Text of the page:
- If the decedent has no spouse or children: All assets go to the decedent’s kin or heirs based on the closest relationship, (e.g., first parents, then siblings, then cousins, etc.)
- If the decedent has no heirs or kin: All assets escheat (transfer) to the State of California.
Types of Wills:
There are several different types of wills, a few of which are discussed below. All of these have a few things in common, the most important of which is that all wills must be probated.
Probate is the (dreaded) process by which the court decides oversees the administration of an estate. Depending on whether the decedent died with a will or without a will (known as, ‘intestacy’), the probate court generally does the following:
- If the decedent had a will, the court:
- Determines if the will is legally valid.
- Appoints an executor to administer the assets of the estate, based off of the nomination(s) set forth in the will (which usually allows for the executor to serve without having to post a bond.
- If the decedent died intestate (e.g., without a will), the court:
- Appoints an executor based upon statutory considerations, most likely also requiring such executor to post a bond.
- In both kinds of probate, the probate court also:
- Determines the valuation of all of the decedent’s assets, usually with a third-party, court-appointed referee.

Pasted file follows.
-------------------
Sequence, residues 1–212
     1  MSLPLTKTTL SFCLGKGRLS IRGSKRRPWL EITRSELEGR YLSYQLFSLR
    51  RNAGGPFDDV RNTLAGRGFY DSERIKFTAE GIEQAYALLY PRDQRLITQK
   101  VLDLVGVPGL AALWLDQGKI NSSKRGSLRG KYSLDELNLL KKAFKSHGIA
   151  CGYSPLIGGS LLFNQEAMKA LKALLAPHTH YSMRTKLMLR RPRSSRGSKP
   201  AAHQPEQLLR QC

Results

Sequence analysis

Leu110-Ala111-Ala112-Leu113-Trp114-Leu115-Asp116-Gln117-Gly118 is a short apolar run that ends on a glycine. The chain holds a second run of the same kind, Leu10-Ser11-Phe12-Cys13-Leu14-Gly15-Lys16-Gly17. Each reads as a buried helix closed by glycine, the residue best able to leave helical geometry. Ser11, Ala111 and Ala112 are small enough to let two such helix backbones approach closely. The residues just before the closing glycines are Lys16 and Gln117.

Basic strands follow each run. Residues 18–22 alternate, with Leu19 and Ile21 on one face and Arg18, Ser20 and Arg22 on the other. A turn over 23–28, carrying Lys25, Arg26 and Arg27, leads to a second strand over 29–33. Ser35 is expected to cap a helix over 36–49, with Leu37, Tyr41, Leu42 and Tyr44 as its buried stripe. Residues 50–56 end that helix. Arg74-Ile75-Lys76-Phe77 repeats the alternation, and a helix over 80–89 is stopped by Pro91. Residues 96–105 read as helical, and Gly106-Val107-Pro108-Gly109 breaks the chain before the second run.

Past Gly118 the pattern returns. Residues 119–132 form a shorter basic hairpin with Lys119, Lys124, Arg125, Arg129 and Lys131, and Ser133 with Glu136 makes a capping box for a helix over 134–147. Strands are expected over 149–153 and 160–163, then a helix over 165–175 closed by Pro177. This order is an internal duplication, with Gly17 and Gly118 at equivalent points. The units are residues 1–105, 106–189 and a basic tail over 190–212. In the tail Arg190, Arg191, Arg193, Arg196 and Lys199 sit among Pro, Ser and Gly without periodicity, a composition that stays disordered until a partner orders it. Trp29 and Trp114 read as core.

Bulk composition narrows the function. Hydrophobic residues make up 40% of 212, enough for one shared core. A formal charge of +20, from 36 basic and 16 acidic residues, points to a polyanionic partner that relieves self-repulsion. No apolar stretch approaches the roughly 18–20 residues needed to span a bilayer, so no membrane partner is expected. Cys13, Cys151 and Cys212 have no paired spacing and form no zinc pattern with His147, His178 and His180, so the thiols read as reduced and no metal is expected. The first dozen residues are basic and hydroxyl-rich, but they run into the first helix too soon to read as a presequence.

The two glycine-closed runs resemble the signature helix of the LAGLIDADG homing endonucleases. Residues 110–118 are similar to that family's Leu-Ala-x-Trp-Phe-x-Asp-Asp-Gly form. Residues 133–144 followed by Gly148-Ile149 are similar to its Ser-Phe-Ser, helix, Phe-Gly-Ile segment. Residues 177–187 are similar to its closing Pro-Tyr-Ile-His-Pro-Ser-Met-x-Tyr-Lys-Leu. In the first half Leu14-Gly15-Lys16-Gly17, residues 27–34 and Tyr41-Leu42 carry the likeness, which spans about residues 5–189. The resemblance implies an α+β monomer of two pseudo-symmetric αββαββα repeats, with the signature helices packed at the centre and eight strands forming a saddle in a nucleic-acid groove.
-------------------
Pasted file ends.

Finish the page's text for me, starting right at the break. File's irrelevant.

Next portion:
- Allows for the resolution of all of decedent’s outstanding debts, claims, and disputes.
- Requires and reviews accountings from the executor.
- Determines the identity of the heirs of the estate, based on the terms of the will or the intestacy statute.
- Orders the executor to distribute the assets of the estate to the proper heirs in accordance with the will or intestacy statute.
- Orders for the estate to pay the fees and costs of the executor, executor’s attorney, and the referee.
Needless to say, probate is very time-consuming and costly. Although a will provides protection from intestacy laws, wills do not avoid probate altogether.
A holographic will is a will that is in the handwriting of the testator and signed by the testator as opposed to the typical will which is typed and signed in front of witnesses.
While a holographic will is an easy, cost-effective option, there are many potential pitfalls with using a holographic will. These pitfalls include:
- A handwritten will is only useful if it can be read. If the handwriting of the testator is not legible, the will may as well not exist.
- When a handwritten will is probated, proof that the document is in the handwriting of the testator must also be presented. This can be difficult if there are not enough known examples of the testator’s handwriting. If it cannot be proven that the document is in the handwriting of the testator, the document is invalid.
- If there is a dispute over the mental capacity of the testator, it can be very difficult to prove that the testator had the capacity to execute the will as it was not executed in front of witnesses.